Picture of Howard Schultz with the words Bad Take and a thumbs down symbol in the foreground.

Dear Howard Schultz: Colorblindness isn’t a thing

“I didn’t see color as a young boy and I honestly don’t see color now.” One sentence from former Starbucks CEO Howard Schultz has again ignited a national debate about whether colorblindness is a thing. (Spoiler alert: it’s not.) For many, colorblindness remains the go-to strategy when talking about race, namely because of the misconception that being colorblind is how you avoid being racist. But ironically, the opposite is the case: people of color see those who avoid talking about race as more prejudiced than those who openly acknowledge it.

Plenty of people have rightfully articulated elsewhere that claims of “not seeing color” are insulting. If someone doesn’t see color, that person can’t possibly be aware of the experiences of people of color. To be clear, these experiences are not all bad — Dr. Tiffany Brannon highlights this in her pride and prejudice approach to inclusion. But it is clear that there’s work to do in order to realize a society that truly values all groups. So here’s the kicker: if you “don’t see” race, but you say you care about inclusion, how can you advance inclusion efforts that will effectively target communities of color?

This is why it’s so bad when people pretend to be colorblind. We have REAL problems in our society that are undeniably rooted in racism, xenophobia, sexism, homophobia, etc. And these biases have stark consequences for the mental health, physical health, and workplace performance of people from these groups. Yet, a colorblind perspective about diversity (“I don’t see color”) will produce a colorblind — and imprecise — approach to inclusion (“We need to make sure everyone — whether they’re black, white, or purple — feels included”).

For example, when considering strategies for creating an inclusive workplace, leaders operating under a colorblind approach might understand that all their employees should feel included and valued. But, they might also wonder “if everyone deserves to feel like they belong and are included, what about the neo-Nazi employee in my organization? Should I work to make them feel included?” (Yes, this was a real question I got after one of my workshops. I am still not certain whether it was a joke or not.)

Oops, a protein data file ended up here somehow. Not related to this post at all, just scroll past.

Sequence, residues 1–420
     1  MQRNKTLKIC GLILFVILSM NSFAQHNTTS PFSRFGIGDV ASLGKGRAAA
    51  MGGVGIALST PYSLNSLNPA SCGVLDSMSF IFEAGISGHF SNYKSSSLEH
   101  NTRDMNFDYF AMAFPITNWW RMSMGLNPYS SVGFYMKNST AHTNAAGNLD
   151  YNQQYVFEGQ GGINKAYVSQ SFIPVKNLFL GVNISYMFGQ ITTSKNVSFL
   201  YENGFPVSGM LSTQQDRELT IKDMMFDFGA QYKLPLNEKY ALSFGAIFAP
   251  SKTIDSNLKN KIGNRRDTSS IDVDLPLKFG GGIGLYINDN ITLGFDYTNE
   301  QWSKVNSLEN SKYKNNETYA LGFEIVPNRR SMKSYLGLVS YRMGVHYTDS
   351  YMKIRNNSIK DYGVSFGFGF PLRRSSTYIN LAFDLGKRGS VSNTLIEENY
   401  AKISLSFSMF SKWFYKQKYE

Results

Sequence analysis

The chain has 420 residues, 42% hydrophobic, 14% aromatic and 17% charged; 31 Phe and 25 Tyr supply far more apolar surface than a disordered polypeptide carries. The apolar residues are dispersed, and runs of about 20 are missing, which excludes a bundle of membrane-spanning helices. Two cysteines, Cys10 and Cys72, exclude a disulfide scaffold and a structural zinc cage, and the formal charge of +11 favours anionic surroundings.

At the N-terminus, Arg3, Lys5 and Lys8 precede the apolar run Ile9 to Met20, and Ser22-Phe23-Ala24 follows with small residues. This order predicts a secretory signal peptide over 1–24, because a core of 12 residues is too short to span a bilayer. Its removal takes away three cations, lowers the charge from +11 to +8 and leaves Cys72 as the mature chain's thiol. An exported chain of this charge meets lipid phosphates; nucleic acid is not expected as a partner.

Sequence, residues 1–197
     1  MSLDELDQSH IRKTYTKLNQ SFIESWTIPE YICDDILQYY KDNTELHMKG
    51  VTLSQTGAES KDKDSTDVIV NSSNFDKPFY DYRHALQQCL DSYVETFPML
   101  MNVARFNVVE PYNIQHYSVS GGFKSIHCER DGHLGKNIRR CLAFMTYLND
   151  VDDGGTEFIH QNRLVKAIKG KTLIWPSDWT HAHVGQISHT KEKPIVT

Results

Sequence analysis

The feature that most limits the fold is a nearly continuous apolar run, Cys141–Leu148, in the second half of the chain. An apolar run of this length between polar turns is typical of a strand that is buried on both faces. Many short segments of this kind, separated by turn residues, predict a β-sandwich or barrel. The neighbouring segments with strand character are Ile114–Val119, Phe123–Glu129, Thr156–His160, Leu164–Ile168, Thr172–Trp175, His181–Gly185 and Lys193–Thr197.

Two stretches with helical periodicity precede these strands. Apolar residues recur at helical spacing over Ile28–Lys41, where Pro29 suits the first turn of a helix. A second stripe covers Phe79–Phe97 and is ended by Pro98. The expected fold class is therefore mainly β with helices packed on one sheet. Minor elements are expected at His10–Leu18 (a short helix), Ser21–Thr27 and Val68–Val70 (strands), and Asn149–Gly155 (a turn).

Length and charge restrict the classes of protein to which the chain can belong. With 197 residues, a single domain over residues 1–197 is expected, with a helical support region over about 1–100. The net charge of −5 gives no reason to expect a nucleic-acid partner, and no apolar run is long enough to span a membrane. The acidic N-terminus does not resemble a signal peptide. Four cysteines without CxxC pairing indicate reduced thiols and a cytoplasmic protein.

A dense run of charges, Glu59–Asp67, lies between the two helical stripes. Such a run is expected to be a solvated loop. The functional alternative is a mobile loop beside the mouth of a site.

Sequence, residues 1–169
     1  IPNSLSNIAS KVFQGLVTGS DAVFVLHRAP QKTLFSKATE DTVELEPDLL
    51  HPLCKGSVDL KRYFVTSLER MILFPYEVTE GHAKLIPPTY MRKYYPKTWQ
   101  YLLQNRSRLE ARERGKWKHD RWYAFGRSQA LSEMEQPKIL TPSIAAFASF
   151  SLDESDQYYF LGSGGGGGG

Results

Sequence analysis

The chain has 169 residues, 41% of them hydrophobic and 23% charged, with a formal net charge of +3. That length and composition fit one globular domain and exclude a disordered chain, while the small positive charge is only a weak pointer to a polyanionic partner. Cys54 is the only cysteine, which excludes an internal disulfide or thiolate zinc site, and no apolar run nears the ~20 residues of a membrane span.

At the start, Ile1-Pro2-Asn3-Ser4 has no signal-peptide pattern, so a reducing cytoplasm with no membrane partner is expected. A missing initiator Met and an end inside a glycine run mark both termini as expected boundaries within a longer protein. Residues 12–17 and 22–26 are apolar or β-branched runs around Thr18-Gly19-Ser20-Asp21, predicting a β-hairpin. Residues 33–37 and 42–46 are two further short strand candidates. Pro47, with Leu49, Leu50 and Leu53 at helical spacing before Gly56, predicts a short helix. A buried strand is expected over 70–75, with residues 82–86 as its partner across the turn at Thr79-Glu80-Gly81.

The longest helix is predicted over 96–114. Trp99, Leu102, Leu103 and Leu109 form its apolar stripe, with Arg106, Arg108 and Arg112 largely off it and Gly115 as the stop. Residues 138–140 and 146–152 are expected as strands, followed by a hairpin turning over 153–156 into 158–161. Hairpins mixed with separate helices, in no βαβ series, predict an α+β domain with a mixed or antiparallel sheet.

For the record, the answer is no. But what is striking is that many people would, and have, balked at the idea that not everyone gets to, or should, experience the benefits of inclusion. By championing colorblindness, it is easy to lose track of the real reasoning behind why diversity and inclusion are important: our responsibility as a society to create an equitable and just world. If the goal is to right historical inequities that still very much manifest today, we cannot take a colorblind approach to inclusion and thoughtlessly declare that yes, even the neo-Nazi should be included. We should remember that the reason we’re fighting for inclusion is that many groups have been denied access to justice and equity since the inception of this country.

What makes Schultz’s declaration that he has not, and still does not, see color most perplexing is that he absolutely does. Throughout his career, Schultz has advanced many initiatives that center talking about race as a way to right systemic inequities. And yet, when on a national stage, he fell back on the tired trope of declaring colorblindness. My caution to Schultz is this: a nation that buys into colorblindness is one that can’t differentiate between including people of color and including neo-Nazis. And that’s why it’s imperative that he, and others like him, boldly acknowledge and celebrate diversity, and eschew colorblindness for good. It’s the only way our society will be able to work toward meaningful inclusion and equity for the groups that need it most.